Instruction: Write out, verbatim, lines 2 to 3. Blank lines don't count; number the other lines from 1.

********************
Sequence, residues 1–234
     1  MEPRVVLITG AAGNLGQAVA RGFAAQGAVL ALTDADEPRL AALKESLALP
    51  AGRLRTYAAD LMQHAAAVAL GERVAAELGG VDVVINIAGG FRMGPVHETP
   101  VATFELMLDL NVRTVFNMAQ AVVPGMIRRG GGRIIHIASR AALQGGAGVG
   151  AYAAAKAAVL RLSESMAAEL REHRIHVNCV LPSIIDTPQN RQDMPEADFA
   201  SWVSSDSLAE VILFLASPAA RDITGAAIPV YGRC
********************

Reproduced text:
     1  MEPRVVLITG AAGNLGQAVA RGFAAQGAVL ALTDADEPRL AALKESLALP
    51  AGRLRTYAAD LMQHAAAVAL GERVAAELGG VDVVINIAGG FRMGPVHETP